July 11, 2017

Common Gauges

For most of us – this is the time to make the most of the boating season – launch and set up are done. Systems have been recommissioned. Let the fun begin!

Common gauges include RPM, fuel, temperature, oil pressure and battery voltage

But wait……on what should be a relaxing weekend aboard, that thing has stopped working (in this case, ‘thing’ means any part that used to work, but now doesn’t).


Let’s look at a few common things:

Batteries: They may no longer accept a charge from an alternator/battery charger, or they don’t hold enough voltage to sustain the electronics that they should. Most marine type batteries for everyday starting and house purposes are serviceable: meaning that they can be tested under load for correct discharge of voltage and reconditioned (usually by adding distilled water to conventional lead-plate style batteries) when they don’t function properly. Before servicing batteries, they should be properly tested by checking voltage (using a multimeter for a base reading), and followed-up by testing the voltage under load (using a battery load tester). Be sure to observe safety precautions and wear appropriate protective devices (gloves and safety glasses). A qualified marine service shop can take care of battery service for you – or you can follow the maintenance procedures available from the manufacturer.
Marine BatteryThis conventional lead-acid marine battery has two ports that can be opened to allow distilled water to be added as part of a reconditioning and maintenance program.

Gauges: RPM, Speed, Fuel, Temperature and oil pressure gauges are common to most boats and are each relatively simple devices comprised of the gauge (the dial that gives the operator information), the sending unit (the part of the engine that provides information to the gauge), and the wiring between the two. It’s a relatively straightforward procedure to test each component: The gauge is tested for power to it, and that it is correctly grounded. The sending unit is then tested (by testing the resistance and/or voltage to and from the unit by using a multimeter). Next, the wiring between the gauge and sending unit is checked and tested to ensure that it is carrying the information correctly between the two. In most cases the engine manual should be consulted for complete testing procedures.

Windows, ports and hatches: over time, they begin to leak! Often an annoyance, sometimes bigger leaks become detrimental to bilge water levels and the integrity of fiberglass. Whichever the case, use an appropriate marine sealant or caulking to seal up any gaps that allow water to enter the cabin. Seals and gaskets around hatches and ports are often an entry point for water and should be replaced when wear is visible. Likewise, hatch frames and hinges will wear, bend and rust which allow the weather in! Ensure that you check the surrounding fiberglass and gelcoat when filling a leak – caulking and sealants can only do so much. When large gaps or fiberglass damage is evident, a proper fiberglass patch may be necessary before caulking or sealing. Consult with your local marine store or chandlery to find the right caulking, sealant or gasketing materials for your application.

Electronics and Navigational equipment: Modern systems can be quite complicated and require factory-trained specialists to diagnose and repair problems. Consult a qualified repair tech to address concerns with electronics and navigation equipment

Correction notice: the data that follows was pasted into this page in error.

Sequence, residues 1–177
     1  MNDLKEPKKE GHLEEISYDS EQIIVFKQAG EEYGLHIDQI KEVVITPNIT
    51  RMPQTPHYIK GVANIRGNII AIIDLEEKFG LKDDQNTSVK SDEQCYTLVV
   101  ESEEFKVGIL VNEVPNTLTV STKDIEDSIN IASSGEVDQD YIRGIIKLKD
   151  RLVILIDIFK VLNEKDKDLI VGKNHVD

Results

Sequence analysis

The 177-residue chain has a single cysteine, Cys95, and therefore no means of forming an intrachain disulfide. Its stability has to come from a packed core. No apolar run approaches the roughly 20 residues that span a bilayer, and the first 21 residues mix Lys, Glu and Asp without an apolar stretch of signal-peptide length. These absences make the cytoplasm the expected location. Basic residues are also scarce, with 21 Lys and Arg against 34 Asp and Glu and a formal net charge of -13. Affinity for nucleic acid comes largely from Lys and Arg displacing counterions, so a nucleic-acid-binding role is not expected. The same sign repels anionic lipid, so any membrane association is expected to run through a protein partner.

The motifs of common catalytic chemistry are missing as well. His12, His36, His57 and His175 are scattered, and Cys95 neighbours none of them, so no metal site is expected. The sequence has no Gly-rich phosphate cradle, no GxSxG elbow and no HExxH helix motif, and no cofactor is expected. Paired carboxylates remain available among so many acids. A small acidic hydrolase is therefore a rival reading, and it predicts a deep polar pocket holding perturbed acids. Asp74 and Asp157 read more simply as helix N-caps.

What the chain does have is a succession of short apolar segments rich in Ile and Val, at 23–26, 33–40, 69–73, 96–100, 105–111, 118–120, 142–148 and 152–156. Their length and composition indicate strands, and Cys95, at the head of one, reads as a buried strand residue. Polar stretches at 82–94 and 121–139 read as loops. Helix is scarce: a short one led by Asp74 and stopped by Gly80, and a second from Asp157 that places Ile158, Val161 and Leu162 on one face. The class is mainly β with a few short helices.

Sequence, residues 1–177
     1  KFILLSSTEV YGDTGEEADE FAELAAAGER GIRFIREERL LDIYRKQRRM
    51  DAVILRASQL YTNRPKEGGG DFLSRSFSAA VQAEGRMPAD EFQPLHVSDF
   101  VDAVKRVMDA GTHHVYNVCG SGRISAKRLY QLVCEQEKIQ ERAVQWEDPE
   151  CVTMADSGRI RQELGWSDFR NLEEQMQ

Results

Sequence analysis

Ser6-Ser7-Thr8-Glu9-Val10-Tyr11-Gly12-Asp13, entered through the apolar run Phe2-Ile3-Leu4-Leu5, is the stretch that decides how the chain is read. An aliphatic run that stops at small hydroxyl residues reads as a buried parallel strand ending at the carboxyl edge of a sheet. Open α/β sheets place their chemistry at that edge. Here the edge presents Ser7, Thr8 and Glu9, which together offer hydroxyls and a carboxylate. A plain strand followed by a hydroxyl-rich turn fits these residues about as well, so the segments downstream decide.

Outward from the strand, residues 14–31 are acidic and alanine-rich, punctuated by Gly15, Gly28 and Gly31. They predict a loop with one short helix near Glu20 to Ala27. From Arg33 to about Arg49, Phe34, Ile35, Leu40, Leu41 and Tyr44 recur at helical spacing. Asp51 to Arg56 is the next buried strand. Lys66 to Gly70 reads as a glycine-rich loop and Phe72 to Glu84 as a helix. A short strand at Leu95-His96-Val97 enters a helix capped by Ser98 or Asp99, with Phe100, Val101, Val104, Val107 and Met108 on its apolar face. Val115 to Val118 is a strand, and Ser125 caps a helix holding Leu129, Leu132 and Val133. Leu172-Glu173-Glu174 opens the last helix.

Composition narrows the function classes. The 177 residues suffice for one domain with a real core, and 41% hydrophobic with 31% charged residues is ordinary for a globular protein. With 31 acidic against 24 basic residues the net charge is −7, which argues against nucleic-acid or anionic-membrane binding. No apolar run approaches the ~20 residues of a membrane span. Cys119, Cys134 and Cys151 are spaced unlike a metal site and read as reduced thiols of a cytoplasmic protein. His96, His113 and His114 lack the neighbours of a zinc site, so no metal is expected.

Trim tabs and stern drives: Movement of drives and trim-tabs is facilitated through hydraulic pressure – check fluid reservoirs to ensure that fluid is at the correct level and top-up as necessary. Many stern drives also have adjustable limit switches which allow adjustment of how high or low the drive will trim. Stern drives have a ‘trim limit switch’ on the side of the drive’s gimbal ring which allows adjustment to the limit that the drive can be trimmed up and down. Two small screws on the trim limit switch can be removed quickly for adjustments – the limit switch is tilted one way or the other to adjust the up and down limit of the stern drive. Your engine or stern drive manual will provide step-by-step instructions on how to do this – or a qualified repair tech can make adjustments to these systems as required.

Bilge Pumps: these devices pump excess water from inside the boat, overboard. Failures tend to occur in two ways: they wear out from overuse or age, or they pick up debris and dirt from the bilge which clogs the pump and burns it out. Keep your bilge as clean and dry as possible, inspect the pump when possible to ensure that the vanes are clear to turn properly and check to make sure that float switches work as designed. If your bilge pump works intermittently or stops working completely, have it serviced or replaced.

Alternator: The alternator charges the batteries as the engine runs and battery voltage should read between 13.5 and 14.5 volts as the engine is running (driving the alternator). If the batteries aren’t charging at this rate, there may be a problem with the alternator. Repairs may be as simple as tightening a belt, or may require wiring replacement or a more complete servicing.

Starter: When the key is turned, battery power turns the starter motor, which turns the boat’s engine and lets it roar to life. Starter motors are simple in design, but require many components working together properly to function as designed. Consistent boat starting problems should be diagnosed by a marine mechanic. Most starter problems are attributed to lack of power in the starter battery – keep it charged and well maintained to avoid problems when the key is turned.

Andrew McDonaldAndrew McDonald is the owner of Lakeside Marine Services – a boat repair/maintenance firm based in Toronto. Andrew has worked in the marine industry for 12 years and is a graduate of the Georgian College ‘Mechanical Techniques - Marine Engine Mechanic’ program